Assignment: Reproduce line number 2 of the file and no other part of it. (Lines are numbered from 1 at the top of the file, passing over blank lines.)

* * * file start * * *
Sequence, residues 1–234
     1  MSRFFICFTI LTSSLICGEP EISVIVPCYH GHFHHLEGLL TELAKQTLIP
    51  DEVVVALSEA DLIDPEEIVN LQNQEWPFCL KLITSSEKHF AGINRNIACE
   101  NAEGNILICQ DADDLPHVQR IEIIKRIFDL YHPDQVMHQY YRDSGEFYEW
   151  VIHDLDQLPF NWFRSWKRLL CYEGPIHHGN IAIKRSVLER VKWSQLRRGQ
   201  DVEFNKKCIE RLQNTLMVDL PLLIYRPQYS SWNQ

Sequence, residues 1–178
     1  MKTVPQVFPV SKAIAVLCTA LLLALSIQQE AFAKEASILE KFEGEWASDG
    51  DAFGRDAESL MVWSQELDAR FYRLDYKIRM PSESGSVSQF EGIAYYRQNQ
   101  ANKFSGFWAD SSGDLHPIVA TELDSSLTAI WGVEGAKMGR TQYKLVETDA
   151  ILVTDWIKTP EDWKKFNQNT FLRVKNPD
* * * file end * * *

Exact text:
     1  MSRFFICFTI LTSSLICGEP EISVIVPCYH GHFHHLEGLL TELAKQTLIP